Slavery was a huge problem for the founding fathers. In order to agree a constitution in 1787, concessions had to be made to the slave owners in the South. In particular, the slave trade was to be allowed to continue for twenty years; slaves would count as three-fifths of a free man for purposes of representation in the Lower House of Congress and in votes for the Electoral College in presidential elections; fugitive slaves were to be returned to their masters; and tariffs were prohibited on produce exported from the South. As in the King James edition of the New Testament, however, slavery itself was not mentioned in the constitution.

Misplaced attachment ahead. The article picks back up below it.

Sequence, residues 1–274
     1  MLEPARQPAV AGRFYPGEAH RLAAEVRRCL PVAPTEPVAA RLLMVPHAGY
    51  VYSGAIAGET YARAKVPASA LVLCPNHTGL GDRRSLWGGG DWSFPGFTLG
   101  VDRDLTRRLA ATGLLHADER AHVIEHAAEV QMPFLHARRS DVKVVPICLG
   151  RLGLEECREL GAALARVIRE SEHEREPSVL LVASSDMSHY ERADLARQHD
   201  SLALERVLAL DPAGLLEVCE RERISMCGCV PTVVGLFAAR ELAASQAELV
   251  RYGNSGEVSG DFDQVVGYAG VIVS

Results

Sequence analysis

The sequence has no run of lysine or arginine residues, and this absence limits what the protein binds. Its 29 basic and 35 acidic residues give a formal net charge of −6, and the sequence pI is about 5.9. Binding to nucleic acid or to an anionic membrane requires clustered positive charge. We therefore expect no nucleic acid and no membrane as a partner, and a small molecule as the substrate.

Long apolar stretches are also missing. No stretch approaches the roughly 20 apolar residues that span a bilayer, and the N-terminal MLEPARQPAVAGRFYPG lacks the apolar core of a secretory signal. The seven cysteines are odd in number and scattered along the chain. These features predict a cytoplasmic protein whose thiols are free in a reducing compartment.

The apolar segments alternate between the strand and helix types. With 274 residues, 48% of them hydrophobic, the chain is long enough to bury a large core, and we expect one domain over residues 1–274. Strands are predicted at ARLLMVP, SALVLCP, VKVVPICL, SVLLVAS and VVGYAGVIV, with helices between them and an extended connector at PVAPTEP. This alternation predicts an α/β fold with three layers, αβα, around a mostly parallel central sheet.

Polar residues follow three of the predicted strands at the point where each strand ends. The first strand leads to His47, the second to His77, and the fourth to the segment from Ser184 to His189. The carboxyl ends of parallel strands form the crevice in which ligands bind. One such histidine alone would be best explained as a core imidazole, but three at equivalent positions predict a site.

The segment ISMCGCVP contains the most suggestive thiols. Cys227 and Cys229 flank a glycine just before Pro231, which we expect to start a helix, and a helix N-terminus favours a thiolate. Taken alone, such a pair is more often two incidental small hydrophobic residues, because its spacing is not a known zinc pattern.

According to Lincoln and others this was because the founding fathers were ashamed of it and expected it to die out. Maybe. However, it most certainly did not die out. If there were 500,000 slaves in 1776 there were 4 million in 1860. Meanwhile the slave economy constituted a huge part of the US economy as a whole, producing America's most valuable exports-tobacco and cotton-and representing its greatest economic investment. It also conferred great political power on the South, enabling Jefferson, for example, to win the presidential election of 1800 and allowing the South to dominate the political system for most of the period before the Civil War.